Researchers aimed to evaluate lung function, exercise capacity, and symptoms in survivors of COVID-19-associated pneumonia compared with those of patients with COPD and interstitial lung disease (ILD), as well as exercise-induced desaturation (EID). Survivors of COVID-19-associated pneumonia (study patients), normoxic at rest with EID, underwent assessment of dyspnea, dynamic lung volumes, carbon monoxide diffusion capacity, and the 6-minute walk test. Data of patients with COPD or ILD and EID were also retrospectively analyzed. The study team found that forced vital capacity was lower in the study patients and patients with ILD than in patients with COPD. As a group, study patients performed like patients with ILD but walked significantly less, showed more severe leg fatigue and dyspnea during exercise, and deeper EID than patients with COPD. “We found that survivors of COVID-19-associated pneumonia, normoxic at rest, with EID may suffer from alterations in lung function, exercise capacity, and symptoms similar to those of patients with ILD, but more severe than patients with COPD and EID,” the study authors wrote.

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Asthma Onset, Persistence & Adult Lung Function by Sex
With data lacking on whether age at asthma onset affects adult lung function depending on patient sex, researchers studied the association between asthma onset, asthma persistence, and airflow obstruction at age 24 in males and females based on data from examinations at aged 4, 8, 12, 16, and 24. Participants with asthma in remission (no asthma at age 24), incident asthma (onset after age 8), and persistent asthma (asthma from age 8 or younger through age 24) were compared with non-asthmatics (no asthma from ages 8-24) regarding FEV1/FVC post bronchodilation at age 24, expressed as a Z-score. Incident asthma was associated with a lower FEV1/FVC Z-score at age 24 in females, after adjustment for BMI, atopy, and both active and passive smoking (-0.22), compared with non-asthmatics. In males, incident lower Z-scores were associated with incident (-0.41), persistent (-0.52), and asthma in remission (-0.24) when compared with non-asthmatics. Among those with persistent asthma, males had a lower FEV1/FVC ratio than females. “In males, persistent asthma with an onset before 8 years of age is associated with more pronounced irreversible airflow obstruction at 24 years,” wrote the study authors. “This group of patients may require specific healthcare attention.”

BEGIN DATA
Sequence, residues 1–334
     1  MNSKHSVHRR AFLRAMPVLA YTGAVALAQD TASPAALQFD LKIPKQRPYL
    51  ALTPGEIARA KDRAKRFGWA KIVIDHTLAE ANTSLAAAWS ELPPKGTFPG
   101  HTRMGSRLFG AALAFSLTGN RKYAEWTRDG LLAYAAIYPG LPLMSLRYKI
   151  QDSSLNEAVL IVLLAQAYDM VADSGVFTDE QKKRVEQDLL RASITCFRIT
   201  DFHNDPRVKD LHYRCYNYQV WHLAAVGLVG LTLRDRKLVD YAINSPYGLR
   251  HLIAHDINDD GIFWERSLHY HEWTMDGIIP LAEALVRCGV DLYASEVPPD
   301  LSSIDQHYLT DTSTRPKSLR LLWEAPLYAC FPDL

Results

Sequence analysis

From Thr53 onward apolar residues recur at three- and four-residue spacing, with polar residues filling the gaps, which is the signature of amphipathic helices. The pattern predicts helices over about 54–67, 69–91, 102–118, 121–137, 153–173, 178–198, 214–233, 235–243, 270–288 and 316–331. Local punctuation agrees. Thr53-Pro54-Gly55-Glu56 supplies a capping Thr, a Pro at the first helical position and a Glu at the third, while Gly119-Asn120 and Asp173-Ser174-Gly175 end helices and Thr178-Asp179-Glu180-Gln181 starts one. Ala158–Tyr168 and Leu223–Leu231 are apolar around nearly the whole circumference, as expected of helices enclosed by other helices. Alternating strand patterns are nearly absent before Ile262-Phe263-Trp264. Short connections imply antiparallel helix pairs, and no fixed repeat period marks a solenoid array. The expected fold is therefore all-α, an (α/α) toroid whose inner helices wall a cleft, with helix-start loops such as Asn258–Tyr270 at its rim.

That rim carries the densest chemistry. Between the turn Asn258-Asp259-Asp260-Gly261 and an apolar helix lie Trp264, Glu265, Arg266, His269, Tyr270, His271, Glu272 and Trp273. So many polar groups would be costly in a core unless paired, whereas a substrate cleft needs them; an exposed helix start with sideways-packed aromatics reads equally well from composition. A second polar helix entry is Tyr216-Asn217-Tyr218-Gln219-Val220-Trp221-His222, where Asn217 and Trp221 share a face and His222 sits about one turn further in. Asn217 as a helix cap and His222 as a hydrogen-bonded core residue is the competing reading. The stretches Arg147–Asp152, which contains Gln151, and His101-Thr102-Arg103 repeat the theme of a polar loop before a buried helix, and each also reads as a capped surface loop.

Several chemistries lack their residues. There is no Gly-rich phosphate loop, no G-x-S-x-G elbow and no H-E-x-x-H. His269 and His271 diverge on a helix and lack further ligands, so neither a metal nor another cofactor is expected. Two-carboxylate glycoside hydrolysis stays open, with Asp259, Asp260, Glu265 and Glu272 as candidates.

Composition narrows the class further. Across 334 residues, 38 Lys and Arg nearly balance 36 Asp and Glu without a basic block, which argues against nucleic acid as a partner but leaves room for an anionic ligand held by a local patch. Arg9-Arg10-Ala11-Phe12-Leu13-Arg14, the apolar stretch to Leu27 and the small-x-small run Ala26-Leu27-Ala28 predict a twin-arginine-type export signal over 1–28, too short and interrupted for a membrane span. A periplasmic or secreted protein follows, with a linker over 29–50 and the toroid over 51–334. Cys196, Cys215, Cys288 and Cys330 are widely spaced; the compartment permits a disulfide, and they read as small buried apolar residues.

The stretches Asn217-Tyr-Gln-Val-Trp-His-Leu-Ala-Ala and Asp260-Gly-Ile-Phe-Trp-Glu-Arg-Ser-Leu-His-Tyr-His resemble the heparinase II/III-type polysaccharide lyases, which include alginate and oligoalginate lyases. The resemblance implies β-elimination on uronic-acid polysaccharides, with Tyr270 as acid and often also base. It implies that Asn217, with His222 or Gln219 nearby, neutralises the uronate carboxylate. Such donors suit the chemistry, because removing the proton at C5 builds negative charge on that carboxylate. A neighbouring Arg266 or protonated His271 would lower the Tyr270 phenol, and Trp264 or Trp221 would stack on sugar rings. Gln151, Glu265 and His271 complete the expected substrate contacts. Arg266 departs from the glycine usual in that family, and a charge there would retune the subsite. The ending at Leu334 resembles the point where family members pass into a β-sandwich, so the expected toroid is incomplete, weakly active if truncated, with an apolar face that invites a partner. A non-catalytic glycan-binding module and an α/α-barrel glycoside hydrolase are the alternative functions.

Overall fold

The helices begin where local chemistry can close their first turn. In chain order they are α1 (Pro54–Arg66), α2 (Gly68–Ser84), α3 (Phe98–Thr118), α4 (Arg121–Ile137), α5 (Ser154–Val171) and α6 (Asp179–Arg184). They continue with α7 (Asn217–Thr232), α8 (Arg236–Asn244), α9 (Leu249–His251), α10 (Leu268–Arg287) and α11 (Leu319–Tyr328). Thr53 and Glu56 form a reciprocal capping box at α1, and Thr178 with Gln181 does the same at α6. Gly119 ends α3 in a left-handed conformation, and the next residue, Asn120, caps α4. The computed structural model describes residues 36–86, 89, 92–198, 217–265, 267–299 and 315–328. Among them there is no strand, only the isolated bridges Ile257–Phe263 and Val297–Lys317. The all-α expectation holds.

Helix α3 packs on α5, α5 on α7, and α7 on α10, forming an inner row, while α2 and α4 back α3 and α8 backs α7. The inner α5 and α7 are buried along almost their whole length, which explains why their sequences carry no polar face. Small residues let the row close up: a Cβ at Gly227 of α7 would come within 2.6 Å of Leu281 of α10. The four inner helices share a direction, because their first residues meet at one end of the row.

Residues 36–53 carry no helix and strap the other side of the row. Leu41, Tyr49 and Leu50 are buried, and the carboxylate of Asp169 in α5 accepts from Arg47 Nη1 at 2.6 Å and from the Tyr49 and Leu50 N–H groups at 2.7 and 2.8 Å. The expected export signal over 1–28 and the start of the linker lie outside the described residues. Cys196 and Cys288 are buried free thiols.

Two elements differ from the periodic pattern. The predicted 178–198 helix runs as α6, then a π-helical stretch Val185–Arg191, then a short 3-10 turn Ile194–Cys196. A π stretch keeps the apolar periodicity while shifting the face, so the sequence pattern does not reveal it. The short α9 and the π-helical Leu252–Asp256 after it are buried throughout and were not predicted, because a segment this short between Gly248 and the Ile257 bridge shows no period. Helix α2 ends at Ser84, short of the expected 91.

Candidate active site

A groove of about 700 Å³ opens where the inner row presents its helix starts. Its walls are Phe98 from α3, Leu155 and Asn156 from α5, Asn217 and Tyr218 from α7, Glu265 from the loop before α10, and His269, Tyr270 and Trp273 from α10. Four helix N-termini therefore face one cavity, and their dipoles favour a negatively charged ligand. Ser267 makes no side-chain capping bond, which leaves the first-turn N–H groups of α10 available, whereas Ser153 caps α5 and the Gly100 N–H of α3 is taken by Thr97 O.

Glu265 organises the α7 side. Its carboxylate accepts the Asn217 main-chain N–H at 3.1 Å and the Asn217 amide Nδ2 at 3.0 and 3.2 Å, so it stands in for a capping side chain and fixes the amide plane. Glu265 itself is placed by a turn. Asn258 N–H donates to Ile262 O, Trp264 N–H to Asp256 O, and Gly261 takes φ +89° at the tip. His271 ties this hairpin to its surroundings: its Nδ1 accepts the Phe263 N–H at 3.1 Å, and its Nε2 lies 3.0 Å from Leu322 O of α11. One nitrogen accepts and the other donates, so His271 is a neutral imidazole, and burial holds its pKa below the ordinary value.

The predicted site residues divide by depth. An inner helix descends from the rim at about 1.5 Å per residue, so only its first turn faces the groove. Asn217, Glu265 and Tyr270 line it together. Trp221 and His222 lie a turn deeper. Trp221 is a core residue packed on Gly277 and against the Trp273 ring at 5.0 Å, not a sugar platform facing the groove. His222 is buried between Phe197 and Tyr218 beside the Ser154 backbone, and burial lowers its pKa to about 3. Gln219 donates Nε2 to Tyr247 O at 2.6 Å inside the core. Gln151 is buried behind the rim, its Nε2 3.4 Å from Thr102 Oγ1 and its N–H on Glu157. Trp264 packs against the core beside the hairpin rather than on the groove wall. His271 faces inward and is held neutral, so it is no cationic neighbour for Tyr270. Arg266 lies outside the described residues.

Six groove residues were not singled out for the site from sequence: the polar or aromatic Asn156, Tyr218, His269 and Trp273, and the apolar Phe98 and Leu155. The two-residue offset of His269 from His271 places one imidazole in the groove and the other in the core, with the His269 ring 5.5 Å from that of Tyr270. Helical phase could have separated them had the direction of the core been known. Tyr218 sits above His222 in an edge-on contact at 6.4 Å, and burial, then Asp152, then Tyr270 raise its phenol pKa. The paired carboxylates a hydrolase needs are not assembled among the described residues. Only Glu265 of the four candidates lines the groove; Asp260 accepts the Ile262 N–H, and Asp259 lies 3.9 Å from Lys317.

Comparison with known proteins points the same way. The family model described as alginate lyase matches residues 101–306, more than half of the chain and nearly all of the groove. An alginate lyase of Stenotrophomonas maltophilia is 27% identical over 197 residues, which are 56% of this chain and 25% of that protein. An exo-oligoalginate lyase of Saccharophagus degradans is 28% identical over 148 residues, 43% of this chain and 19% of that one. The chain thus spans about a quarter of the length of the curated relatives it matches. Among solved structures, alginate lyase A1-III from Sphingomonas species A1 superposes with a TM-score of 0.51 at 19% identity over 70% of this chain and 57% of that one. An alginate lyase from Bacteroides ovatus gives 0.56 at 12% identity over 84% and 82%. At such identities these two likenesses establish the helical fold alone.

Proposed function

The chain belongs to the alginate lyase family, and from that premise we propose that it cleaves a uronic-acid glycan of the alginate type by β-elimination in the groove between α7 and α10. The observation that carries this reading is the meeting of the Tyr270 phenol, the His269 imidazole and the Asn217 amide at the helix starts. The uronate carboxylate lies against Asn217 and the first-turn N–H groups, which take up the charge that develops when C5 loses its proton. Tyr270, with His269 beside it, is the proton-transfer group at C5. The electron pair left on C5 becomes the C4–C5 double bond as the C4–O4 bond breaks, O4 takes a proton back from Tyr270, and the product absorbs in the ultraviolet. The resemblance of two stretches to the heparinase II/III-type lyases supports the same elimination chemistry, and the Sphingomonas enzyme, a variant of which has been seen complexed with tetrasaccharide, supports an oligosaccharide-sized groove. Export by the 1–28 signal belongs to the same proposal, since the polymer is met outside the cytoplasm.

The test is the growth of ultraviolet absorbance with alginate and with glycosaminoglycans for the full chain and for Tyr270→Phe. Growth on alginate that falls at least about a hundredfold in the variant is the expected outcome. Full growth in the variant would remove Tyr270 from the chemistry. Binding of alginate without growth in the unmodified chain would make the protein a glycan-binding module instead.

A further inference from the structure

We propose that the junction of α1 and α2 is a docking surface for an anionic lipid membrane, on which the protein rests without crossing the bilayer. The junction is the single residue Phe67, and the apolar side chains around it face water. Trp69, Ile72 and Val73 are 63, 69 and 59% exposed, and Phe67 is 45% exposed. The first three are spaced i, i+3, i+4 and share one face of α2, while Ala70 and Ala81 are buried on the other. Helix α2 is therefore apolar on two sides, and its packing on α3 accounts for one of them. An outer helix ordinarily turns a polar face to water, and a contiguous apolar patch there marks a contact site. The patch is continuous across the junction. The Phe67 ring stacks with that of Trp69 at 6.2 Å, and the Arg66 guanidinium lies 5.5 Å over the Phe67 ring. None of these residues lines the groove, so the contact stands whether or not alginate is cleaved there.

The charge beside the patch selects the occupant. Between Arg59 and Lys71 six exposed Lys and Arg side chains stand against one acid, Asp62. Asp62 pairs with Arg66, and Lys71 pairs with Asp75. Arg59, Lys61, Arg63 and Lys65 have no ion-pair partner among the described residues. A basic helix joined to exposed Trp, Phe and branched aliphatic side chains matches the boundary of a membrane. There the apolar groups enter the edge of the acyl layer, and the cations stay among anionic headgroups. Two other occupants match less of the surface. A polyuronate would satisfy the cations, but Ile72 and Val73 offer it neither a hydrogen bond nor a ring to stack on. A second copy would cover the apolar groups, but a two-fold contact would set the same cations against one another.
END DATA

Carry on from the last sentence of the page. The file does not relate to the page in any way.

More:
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Functional Respiratory Imaging Valid in Patients With CF
Although research supports the value of functional respiratory imaging (FRI) combining high-resolution CT scans with computation fluid dynamics in pulmonary diseases like COPD and asthma, data are limited on its use in patients with cystic fibrosis (CF). To clinically validate FRI use in patients with CF, investigators compared FRI outcomes with those of conventional outcome measures (CT scans, spirometry, 6-minute walking test [6MWT]) among patients with CF aged 5 or older who were scheduled for a chest CT. Total CF-CT scores per lung lobe showed significant low-to-moderate correlations with FRI parameters: air trapping (correlation coefficient [r], 0.43), airway volume (r, 0.35), airway wall volume (r, 0.30), and airway resistance (r, -0.15). FRI-determined air trapping was significantly associated with standard spirometry parameters, distance covered during 6MWT, and post-6MWT oxygen saturation. “Multiple FRI parameters were associated with structural abnormalities determined by CF-CT score,” wrote the study authors. “Air trapping appears to be the most clinically relevant FRI parameter for CF patients due to its association with classical outcome measures.”